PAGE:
474523 Reactive Grinding of Coal Ash for Enhanced Rare Earth Extraction

Thursday, November 17, 2016: 4:21 PM
Van Ness (Hilton San Francisco Union Square)
Elliot Roth1, Ronghong Lin1, Tracy Bank2 and Evan J. Granite1, (1)National Energy Technology Laboratory, United States Department of Energy, Pittsburgh, PA, (2)National Energy Technology Laboratory, AECOM, Pittsburgh, PA

The size of rare earth minerals in coal and coal by-products tend to be on the order of 1 - 20μm, and intensive grinding may be required to liberate these minerals for subsequent beneficiation and extraction. By adding reactants to the grinder, such as sodium hydroxide, the rare earth minerals could react to form rare earth hydroxides, which are more amenable to leaching in acid. Coal ash was subjected to grinding in a standard laboratory ball mill with, and without reactants, such as sodium hydroxide, in order to enhance subsequent leaching of the rare earth elements in hydrochloric acid.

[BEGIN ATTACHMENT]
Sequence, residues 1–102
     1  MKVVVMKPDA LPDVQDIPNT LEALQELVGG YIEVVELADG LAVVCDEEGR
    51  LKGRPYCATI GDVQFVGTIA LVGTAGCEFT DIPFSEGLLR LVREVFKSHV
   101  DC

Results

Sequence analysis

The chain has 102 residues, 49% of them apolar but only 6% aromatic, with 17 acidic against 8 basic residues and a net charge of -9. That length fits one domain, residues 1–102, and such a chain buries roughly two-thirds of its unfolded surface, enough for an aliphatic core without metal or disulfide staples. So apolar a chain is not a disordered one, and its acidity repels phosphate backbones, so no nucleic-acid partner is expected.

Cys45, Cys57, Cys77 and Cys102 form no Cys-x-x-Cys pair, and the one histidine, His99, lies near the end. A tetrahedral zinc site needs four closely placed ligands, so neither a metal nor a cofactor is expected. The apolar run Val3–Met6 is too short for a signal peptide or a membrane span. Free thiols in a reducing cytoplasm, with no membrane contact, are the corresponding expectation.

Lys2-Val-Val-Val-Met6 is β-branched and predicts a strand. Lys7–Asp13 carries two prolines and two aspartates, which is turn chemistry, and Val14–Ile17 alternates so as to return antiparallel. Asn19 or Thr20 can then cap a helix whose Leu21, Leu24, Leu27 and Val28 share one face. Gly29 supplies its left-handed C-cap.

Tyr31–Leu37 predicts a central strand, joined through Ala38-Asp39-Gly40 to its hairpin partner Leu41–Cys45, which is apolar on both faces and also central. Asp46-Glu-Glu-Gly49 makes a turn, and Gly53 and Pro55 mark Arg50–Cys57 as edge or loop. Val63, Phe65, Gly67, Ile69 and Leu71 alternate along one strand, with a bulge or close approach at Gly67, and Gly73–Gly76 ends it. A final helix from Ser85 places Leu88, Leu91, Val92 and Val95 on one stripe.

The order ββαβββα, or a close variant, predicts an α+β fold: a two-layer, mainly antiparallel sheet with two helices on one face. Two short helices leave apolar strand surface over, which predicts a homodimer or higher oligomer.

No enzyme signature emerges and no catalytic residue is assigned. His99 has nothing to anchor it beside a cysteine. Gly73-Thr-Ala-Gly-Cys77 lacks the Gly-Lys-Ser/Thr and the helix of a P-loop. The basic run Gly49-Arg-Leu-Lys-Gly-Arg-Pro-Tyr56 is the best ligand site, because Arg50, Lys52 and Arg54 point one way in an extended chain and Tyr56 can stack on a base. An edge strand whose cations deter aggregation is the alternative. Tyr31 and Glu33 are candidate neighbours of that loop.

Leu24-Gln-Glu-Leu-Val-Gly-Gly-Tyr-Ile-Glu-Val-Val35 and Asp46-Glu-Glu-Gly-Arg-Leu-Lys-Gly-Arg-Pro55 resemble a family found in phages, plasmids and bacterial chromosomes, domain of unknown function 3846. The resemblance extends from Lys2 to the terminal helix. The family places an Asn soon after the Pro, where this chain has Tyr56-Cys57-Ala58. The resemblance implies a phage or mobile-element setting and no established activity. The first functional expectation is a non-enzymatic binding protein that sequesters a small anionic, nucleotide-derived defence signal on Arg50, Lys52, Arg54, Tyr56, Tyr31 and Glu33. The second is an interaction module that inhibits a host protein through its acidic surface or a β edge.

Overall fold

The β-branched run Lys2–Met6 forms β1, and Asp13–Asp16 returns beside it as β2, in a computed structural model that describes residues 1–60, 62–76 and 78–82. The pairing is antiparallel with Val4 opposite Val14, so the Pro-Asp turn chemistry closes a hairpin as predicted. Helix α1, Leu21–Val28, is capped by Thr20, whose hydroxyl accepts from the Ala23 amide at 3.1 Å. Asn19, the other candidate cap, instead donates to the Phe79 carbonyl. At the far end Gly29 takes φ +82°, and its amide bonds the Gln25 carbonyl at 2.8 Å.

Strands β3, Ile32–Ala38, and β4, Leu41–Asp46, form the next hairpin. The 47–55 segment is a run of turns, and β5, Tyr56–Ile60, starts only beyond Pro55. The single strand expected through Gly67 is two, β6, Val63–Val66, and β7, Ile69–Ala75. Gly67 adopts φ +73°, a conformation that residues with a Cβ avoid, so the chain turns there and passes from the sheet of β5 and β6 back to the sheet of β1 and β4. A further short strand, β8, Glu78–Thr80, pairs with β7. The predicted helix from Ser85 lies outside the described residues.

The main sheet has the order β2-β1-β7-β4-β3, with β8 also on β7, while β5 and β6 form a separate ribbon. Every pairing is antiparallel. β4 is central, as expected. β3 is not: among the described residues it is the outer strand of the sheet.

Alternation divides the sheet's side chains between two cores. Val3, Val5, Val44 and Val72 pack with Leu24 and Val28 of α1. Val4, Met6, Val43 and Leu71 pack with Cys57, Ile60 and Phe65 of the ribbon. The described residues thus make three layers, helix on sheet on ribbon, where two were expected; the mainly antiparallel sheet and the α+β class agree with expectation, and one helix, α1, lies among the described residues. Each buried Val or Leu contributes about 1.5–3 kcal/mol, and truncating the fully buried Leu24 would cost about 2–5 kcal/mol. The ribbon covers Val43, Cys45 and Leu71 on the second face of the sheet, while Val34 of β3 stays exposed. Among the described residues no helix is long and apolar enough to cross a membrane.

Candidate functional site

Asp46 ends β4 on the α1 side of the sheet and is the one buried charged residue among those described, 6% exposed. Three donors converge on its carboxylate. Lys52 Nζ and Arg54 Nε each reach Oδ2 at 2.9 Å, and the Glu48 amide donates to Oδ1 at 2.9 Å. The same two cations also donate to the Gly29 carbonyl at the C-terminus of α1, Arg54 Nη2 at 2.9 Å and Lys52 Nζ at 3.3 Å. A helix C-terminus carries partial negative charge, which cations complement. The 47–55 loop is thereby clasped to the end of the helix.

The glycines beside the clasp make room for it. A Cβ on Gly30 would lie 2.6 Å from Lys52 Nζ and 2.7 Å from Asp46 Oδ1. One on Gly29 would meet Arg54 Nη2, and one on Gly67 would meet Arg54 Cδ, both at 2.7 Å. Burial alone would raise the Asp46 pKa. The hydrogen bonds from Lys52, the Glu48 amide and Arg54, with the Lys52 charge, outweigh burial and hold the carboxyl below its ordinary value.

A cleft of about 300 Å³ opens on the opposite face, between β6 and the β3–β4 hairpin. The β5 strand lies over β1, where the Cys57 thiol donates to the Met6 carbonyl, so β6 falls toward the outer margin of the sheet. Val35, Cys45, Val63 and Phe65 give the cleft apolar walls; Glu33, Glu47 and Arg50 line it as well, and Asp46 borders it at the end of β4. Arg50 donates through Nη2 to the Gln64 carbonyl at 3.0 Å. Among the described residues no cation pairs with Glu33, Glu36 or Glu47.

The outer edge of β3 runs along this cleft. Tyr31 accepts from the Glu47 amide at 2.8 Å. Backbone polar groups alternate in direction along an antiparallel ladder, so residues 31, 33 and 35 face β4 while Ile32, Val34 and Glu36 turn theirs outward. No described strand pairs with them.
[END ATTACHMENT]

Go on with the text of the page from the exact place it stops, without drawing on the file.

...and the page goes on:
In the case of sodium hydroxide, it is hypothesized that the rare earths in the coal ash are converted to rare earth hydroxides, which are more amenable to leaching in hydrochloric acid verses rare earth phosphates. Various grinding times were studied to determine the extraction yield of the rare earth elements. Grinding materials to increase overall surface area of the sample can also increase the leaching efficiency, and this was also examined. Grinding fly ash with 25wt% NaOH for 3 hours showed significantly enhanced extraction of the rare earth elements compared to grinding for 3 hours without NaOH. The extraction of other elements such as phosphorous will also be discussed.

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